Central to these events was UKUSA, or ‘Five Eyes’ — which receives frequent mention in the book. This is the still-operative multilateral agreement for cooperation in SIGINT between Australia, Canada, New Zealand, the United Kingdom and the United States. It was inaugurated between GCHQ and the US National Security Agency in 1946, at the beginning of the cold war, but its existence was concealed from the public until 2005.

Intriguing are the backgrounds and mindsets of past and present GCHQ staff — today 6,000 in number, compared with 10,000 at its wartime peak — and their working conditions, breakthroughs and varied relationships with peers in other countries. Of their US counterparts, retired GCHQ director David Omand joked to the BBC in 2013: “We have the brains. They have the money. It’s a collaboration that’s worked very well.” Certainly, GCHQ mathematicians were often secretly ahead of the academic game.

For example, in 1970 Ellis came up with the possibility of “secure non-secret digital encryption”, but could visualize no way to implement it. In 1973, a younger colleague, Clifford Cocks, later chief mathematician at GCHQ, realized Ellis’s concept by inventing the public-key system now known as the RSA encryption algorithm. Its name derives from Ron Rivest, Adi Shamir and Leonard Adleman, who invented it independently in 1977 in the United States.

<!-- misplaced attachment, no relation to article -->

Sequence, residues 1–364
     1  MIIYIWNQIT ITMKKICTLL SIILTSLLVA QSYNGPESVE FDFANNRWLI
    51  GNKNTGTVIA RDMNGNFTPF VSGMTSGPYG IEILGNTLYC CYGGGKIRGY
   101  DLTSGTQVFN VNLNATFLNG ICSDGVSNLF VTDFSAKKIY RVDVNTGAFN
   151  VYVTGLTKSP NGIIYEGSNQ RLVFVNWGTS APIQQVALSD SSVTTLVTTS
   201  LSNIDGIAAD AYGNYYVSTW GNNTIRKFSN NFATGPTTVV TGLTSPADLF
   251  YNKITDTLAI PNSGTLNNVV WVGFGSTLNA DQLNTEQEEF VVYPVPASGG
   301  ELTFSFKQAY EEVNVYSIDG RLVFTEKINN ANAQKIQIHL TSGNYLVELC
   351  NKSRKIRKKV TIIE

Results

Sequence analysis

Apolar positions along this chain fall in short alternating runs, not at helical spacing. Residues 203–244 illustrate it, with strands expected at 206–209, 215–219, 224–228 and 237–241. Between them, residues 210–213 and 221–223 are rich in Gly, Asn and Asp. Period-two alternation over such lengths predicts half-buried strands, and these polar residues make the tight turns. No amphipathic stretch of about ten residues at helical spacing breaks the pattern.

In 1974, another GCHQ mathematician, Malcolm Williamson, devised the technique for public exchange of a common secret key between two parties that later became the basis for all secure transactions on the Internet. This one is also named after US cryptographers — Whitfield Diffie and Martin Hellman — who discovered it independently in 1976. Only in 1997 were these two crucial GCHQ discoveries declassified.